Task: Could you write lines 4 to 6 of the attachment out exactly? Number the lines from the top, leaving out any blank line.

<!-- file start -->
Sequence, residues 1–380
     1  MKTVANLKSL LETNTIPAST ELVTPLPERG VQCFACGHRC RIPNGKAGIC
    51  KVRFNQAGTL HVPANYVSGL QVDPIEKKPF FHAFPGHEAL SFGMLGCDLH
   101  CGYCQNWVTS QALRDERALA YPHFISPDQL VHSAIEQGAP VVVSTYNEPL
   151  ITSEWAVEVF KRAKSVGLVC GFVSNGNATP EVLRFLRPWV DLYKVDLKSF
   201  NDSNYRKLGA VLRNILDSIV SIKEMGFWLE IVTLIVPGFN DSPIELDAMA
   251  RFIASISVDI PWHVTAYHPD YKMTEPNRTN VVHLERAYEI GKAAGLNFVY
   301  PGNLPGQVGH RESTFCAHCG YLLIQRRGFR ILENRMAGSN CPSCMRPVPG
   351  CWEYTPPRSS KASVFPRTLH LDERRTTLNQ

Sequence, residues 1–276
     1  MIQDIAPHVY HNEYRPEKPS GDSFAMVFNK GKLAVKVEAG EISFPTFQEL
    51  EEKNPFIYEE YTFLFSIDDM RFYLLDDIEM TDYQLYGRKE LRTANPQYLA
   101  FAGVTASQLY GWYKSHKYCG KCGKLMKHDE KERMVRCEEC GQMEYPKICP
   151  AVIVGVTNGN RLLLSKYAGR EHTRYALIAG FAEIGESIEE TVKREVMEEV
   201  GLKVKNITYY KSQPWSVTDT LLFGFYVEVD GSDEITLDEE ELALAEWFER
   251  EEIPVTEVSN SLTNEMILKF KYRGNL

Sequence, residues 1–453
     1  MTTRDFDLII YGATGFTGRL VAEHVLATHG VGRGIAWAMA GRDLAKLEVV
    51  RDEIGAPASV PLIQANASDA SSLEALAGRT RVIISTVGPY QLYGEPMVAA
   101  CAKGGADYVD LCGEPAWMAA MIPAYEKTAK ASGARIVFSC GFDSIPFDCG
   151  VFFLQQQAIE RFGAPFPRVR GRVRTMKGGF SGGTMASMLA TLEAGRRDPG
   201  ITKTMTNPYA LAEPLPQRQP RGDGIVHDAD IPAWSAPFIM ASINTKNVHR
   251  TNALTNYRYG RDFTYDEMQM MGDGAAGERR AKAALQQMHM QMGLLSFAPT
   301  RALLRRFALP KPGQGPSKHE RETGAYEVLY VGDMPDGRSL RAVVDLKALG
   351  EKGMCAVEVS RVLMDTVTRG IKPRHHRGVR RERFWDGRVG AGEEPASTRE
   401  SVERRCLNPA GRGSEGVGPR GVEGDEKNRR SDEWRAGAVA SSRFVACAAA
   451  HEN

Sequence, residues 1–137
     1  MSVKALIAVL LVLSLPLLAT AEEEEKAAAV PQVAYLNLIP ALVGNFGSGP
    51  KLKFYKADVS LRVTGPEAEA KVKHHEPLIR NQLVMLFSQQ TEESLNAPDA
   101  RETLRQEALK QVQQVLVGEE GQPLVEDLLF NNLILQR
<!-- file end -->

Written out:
   101  CGYCQNWVTS QALRDERALA YPHFISPDQL VHSAIEQGAP VVVSTYNEPL
   151  ITSEWAVEVF KRAKSVGLVC GFVSNGNATP EVLRFLRPWV DLYKVDLKSF
   201  NDSNYRKLGA VLRNILDSIV SIKEMGFWLE IVTLIVPGFN DSPIELDAMA